Access to justice for abuse victims

On 5 December, the Ministry of Justice announced that it would relax the rules on the evidence that must be provided legal aid to be granted in cases of domestic violence or child abuse.

Under the Legal Aid Sentencing and Punishment of Offenders Act 2012 (LASPO), virtually all private family law issues were removed from the scope of legal aid. This included parental separation and child contact cases: cases which determine who children will live with, who will have parental responsibility for them, whether and how they will have contact with other family members, their standard of living and any financial support they should get.

Under LASPO there was an exemption allowing people to get legal aid in cases where:

  • The person seeking legal aid has evidence that they are, or are at risk of being, a victim of domestic violence and the alleged perpetrator of that violence is the person who would be the ‘other party’ if proceedings were commenced in family court
  • Where the person seeking legal aid has evidence that the child who would be the subject of proceedings is at risk from the other party to proceedings.

However, both of these exemptions would only apply if specific forms of evidence could be provided, as outlined in Regulations 33 and 34 of The Civil Legal Aid (Procedure) Regulations 2012. This list of eligible forms of evidence included unspent convictions, police cautions, reports from medical professionals, and letters from social services, but was widely criticised for being too restrictive. Equally problematically, the evidence had tight time limits – it had to be from within the previous 24 months.

This left extremely vulnerable women and children in situations where they are at risk. It has resulted in large numbers of women confronting abusive ex-partners without representation. Although it was made clear by the government in 2012 that ‘family cases where a child is at risk of abuse’ would fall into scope of legal aid, Coram’s Child Law Advice Service often provides legal advice in cases where a child is at risk of abuse but the case is not within scope of legal aid.

Changes to eligibility

Following legal action from the charity Rights of Women and the Law Society, this time limit was extended to five years for domestic violence cases, but remained at up to two years in cases relating to the abuse of children. Rights of Women found that 40% of women survivors could not meet the new legal aid domestic violence evidence requirements, and were forced to face their abusers in court themselves.

Over 20 months later, the Ministry of Justice announced that new rules removing the time limit and allowing admission of fresh categories of evidence will come into force on 8 January 2018. The five-year and two-year limits will be removed altogether and the range of documents accepted as evidence of abuse will be widened to include statements from domestic violence support organisations and housing support officers. In child protection cases, the accepted evidence has broadened to include an arrest for a child abuse offence, even if that arrest has not yet led to a conviction or a caution. Legal aid can be withdrawn (or in some cases revoked) if, for example, the grant relied upon evidence of police bail that did not result in any subsequent charge.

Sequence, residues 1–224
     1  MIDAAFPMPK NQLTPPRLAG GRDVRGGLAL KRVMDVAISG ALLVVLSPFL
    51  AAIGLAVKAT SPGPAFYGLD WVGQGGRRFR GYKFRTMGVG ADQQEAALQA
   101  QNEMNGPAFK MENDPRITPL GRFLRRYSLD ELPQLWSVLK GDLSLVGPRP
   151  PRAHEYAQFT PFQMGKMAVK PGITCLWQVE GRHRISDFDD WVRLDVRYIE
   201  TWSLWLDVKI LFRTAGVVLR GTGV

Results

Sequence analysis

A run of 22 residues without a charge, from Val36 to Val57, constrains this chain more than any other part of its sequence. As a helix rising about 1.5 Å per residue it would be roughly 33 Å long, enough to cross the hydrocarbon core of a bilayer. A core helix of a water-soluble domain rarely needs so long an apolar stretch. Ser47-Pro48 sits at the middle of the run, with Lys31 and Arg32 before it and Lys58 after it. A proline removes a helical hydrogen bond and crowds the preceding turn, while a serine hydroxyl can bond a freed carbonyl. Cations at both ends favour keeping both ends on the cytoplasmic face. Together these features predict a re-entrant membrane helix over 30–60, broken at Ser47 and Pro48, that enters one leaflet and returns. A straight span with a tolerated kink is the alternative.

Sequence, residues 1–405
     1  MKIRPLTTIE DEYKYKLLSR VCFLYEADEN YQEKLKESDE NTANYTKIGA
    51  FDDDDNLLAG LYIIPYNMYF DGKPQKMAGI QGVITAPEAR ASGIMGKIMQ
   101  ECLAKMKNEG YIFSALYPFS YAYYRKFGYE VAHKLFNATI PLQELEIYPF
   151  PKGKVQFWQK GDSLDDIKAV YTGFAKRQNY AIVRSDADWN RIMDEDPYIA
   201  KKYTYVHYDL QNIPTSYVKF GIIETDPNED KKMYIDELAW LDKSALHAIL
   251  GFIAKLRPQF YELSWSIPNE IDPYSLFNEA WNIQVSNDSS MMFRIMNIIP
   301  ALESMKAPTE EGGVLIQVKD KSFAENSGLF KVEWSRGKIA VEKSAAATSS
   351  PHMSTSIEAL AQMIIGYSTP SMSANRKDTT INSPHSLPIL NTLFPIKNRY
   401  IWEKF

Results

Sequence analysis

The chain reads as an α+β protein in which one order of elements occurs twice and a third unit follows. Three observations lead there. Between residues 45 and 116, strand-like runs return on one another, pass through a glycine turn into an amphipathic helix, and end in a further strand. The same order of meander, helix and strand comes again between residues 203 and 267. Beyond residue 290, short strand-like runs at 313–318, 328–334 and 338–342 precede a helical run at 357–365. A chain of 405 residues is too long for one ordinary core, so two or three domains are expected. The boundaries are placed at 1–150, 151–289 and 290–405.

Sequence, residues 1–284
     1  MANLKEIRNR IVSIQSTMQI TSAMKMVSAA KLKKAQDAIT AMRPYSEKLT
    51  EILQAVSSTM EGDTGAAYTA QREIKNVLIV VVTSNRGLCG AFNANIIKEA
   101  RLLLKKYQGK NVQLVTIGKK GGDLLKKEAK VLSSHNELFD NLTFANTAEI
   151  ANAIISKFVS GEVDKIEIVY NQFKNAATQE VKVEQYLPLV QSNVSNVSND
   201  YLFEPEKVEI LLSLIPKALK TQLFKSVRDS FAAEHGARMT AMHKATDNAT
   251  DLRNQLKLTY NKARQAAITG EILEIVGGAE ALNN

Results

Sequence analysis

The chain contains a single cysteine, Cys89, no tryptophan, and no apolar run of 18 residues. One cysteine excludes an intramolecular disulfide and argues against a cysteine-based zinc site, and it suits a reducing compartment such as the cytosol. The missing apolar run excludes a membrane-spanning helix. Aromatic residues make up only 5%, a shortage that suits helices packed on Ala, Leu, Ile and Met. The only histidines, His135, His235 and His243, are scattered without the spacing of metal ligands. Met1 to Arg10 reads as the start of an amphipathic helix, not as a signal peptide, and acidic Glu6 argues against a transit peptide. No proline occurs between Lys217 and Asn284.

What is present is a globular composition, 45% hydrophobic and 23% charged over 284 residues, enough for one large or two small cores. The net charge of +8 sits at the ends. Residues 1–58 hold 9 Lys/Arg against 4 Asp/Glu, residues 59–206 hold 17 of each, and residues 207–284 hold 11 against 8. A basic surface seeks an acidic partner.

These changes are welcome news and will help children living in desperate situations to access justice. It will also help large numbers of women and some men who have been deprived of legal advice and representation in family court disputes over custody and contact with children. The justice minister, Dominic Raab, stated that the changes would “make sure that vulnerable women and children get legal support so their voice is properly heard in court.”

However, concerns remain. Anyone with the care of a child may seek to protect them: for example, a grandmother may seek prevent the father of a child in her care from having contact. However, not everyone will be eligible for legal aid, because it will only be granted where the abuser is the other party to proceedings. Therefore, for example, if proceedings are brought by a father against his ex-wife because her new partner has been abusing the child, the person seeking to protect the child through the courts is not eligible for legal aid. This is a serious omission and clearly not in keeping with the stated intentions of LASPO.

Points for Practice

  • From 8 January 2018, evidence provided by domestic violence support organisations or housing support officers as part of an application for legal aid in disputed family court cases should include:
    • a statement that in the letter writer’s reasonable professional opinion, the applicant is a victim of domestic violence or at risk of being a victim;
    • the matters relied on in support of that opinion;
    • and a summary of the support the individual or organisation provided following the determination.
  • Evidence of the alleged abuser’s abuse against previous partners or family members will also be accepted evidence of an applicant’s legal aid eligibility.
  • The Legal Aid Agency can withdraw funding in the event that evidence of domestic violence is proven to be false.
  • Find out if a person is eligible for legal aid at
  • Find out more about legal aid here.

This article was written by Marianne Lagrue and appeared in Children and Young People Now as part of its monthly Legal Update here.